Scientists at University of Colorado Boulder have suggested that household activities are a hidden source of air pollution and because of this pollution levels inside homes is at par with a polluted major city.
Scientists have added that airborne chemicals that originate inside a house don’t stay there: Volatile organic compounds (VOCs) from products such as shampoo, perfume and cleaning solutions eventually escape outside and contribute to ozone and fine particle formation, making up an even greater source of global atmospheric air pollution than cars and trucks do.
In 2018 scientists carried out a study wherein they used advanced sensors and cameras to monitor the indoor air quality of a 1,200-square-foot manufactured home on the University of Texas Austin campus. Over the course of a month, scientists conducted a variety of daily household activities, including cooking a full Thanksgiving dinner in the middle of the Texas summer.
While the HOMEChem experiment’s results are still pending, scientists say that it’s apparent that homes need to be well ventilated while cooking and cleaning, because even basic tasks like boiling water over a stovetop flame can contribute to high levels of gaseous air pollutants and suspended particulates, with negative health impacts.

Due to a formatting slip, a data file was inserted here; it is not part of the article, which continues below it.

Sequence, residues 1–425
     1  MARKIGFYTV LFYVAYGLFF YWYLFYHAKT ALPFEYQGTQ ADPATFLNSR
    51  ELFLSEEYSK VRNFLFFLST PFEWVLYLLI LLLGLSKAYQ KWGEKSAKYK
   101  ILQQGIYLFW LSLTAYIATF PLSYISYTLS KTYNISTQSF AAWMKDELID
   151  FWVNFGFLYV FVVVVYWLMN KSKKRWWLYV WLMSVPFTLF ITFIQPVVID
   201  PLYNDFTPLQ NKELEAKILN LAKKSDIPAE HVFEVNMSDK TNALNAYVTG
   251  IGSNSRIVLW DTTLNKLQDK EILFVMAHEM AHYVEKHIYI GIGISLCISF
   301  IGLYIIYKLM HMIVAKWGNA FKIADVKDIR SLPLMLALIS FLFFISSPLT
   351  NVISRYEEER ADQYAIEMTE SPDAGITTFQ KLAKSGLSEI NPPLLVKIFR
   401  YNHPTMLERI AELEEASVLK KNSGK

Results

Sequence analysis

The measured indoor concentrations were high enough that that their sensitive instruments needed to be recalibrated almost immediately.
Indoor and outdoor experts are collaborating to paint a more complete picture of air quality, said Joost de Gouw, a CIRES Visiting Professor. Last year, de Gouw and his colleagues published results in the journal Science showing that regulations on automobiles had pushed transportation-derived emissions down in recent decades while the relative importance of household chemical pollutants had only gone up.